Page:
Coaching the Generation Z-athlete

This article is an extract from an article by Dr. Celesti Jansen van Rensburg which was written for the Free State Academy of Sport. Comments are added by Rudolph Cloete.

Coaches must know the athletes who they work with! The problem is that there is usually a big generation gap between coaches and the athletes. Therefore, the coach  must take into consideration what makes his athletes tick!!

Different generation has different characteristics! Working with school athletes means that the coach is working with the so called Generation Z (born after 1996) – while he/she falls into the category of Generation X or Millennial!

Characteristics of Generation Z:

More practical – less theoretical

Show, don’t tell

Open-minded, but impatient

Creative and Innovative

Up for a challenge

Happiness is very important

Friends are very important

More face to face communication

More global in their thinking

Less structured education preferences – use alternative methods

More individualistic

More technology dependant

More parented – they have “helicopter parents”

More early starts – in work, sport, education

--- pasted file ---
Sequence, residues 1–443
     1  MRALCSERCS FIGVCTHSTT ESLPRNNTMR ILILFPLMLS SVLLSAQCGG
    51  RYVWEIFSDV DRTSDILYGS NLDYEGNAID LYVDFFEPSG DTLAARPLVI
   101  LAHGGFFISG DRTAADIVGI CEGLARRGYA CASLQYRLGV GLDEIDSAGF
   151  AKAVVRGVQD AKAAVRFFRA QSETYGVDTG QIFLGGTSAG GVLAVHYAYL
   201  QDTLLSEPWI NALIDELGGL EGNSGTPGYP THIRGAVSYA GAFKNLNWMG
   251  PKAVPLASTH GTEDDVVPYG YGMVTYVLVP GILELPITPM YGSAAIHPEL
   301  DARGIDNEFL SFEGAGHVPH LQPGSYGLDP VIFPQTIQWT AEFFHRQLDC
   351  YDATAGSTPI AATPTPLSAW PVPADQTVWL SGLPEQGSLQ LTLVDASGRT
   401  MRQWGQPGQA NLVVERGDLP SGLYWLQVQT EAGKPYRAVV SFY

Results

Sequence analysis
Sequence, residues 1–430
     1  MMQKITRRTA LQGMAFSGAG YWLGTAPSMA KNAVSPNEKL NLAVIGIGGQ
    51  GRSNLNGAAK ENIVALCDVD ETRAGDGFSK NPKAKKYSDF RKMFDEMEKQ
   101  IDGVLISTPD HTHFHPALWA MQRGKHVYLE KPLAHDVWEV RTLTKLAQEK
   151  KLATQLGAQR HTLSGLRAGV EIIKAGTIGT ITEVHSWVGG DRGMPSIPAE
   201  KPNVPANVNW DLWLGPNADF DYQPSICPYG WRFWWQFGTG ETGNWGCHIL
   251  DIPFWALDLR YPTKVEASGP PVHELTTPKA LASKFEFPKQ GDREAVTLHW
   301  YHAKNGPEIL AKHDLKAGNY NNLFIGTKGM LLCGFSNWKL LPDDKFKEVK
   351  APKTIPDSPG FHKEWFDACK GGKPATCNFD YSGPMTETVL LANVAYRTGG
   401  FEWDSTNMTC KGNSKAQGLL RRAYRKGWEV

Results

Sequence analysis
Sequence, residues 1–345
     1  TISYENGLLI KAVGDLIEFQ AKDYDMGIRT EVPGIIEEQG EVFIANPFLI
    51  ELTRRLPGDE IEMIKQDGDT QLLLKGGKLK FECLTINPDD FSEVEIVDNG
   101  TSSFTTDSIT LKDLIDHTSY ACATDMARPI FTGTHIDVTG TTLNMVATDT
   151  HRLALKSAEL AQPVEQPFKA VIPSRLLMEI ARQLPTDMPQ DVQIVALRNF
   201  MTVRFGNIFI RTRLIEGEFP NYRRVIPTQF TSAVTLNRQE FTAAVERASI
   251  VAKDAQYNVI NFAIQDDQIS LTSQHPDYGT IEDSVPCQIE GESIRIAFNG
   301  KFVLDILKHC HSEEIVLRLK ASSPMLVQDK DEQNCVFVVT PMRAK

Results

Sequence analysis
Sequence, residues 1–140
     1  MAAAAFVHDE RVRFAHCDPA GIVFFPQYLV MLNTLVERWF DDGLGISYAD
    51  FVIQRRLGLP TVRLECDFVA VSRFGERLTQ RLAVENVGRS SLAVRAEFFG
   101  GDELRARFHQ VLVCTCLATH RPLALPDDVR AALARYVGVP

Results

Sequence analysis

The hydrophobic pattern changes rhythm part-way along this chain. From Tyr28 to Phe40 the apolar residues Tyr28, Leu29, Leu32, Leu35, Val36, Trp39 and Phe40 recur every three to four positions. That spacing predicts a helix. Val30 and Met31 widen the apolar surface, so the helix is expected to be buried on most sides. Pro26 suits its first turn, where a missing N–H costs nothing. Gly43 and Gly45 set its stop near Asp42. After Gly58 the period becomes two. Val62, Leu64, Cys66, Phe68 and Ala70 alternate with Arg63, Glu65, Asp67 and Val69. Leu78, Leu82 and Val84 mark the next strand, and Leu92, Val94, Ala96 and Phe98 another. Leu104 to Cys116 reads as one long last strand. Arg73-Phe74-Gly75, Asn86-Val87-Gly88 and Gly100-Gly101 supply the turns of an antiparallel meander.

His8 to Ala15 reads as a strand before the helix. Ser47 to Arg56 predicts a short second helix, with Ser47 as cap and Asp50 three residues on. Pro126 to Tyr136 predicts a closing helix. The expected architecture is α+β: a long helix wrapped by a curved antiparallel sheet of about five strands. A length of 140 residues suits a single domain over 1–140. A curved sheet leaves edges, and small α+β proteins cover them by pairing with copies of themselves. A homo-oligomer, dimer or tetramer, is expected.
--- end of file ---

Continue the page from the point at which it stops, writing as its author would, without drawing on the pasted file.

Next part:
More disruptive – they are multitaskers

Very short attention span

More entrepreneurial

Personal responsibility is high in some

Outcomes focused

Mentor seeking – don’t care for academics

Difference makers – 60% of them wants to make a difference

Some comments for coaches on these characteristics:

  1. Make use of technology: cellphone video clips and YouTube etc. Take video clips of their technique and show it to them when explaining something.
  2. Work individually with each athlete when explaining something important. Don’t explain important things to the whole group of athletes. They prefer  that the coach pull them to the side when he/she wants to explain their mistakes.
  3. Keep explanations short. Get to the point.
  4. Don’t give 3 or 4 orders simultaneously.
  5. Set realistic goals – they strive on positive outcomes.
  6. Be creative in your training schedule – change and mix up the exercises on a regular basis. Don’t let them become bored.
  7. Don’t yell! The Generation Z-athlete will take this as a sigh that the coach is angry at him/her!  They want the coach too consistently remain calm and in control of himself!
  8. Be aware of your gestures – the athlete may interpret it as a negative attitude towards them/him/her. They prefer a coach who shows positive interaction and feedback.

Coaches must change the way they think about and deliver the information he/she wants the athletes to hear.

Challenges coaches are facing:

  1. Athletes and parents who think they have a free pass to act disrespectfully because they are paying the coach.
  2. Athletes and parents who think they have a complete monopoly on coaches’ time (even personal time).
  3. Athletes and parents who want to blame a lack of progress on the coach, instead of looking at themselves or their potential.
  4. Parents who interfere with the coaches’ methods and/or program.

A negative  experience  with a coach is likely to have a greater impact on the coach-athlete relationship; hindering the positive youth sport experience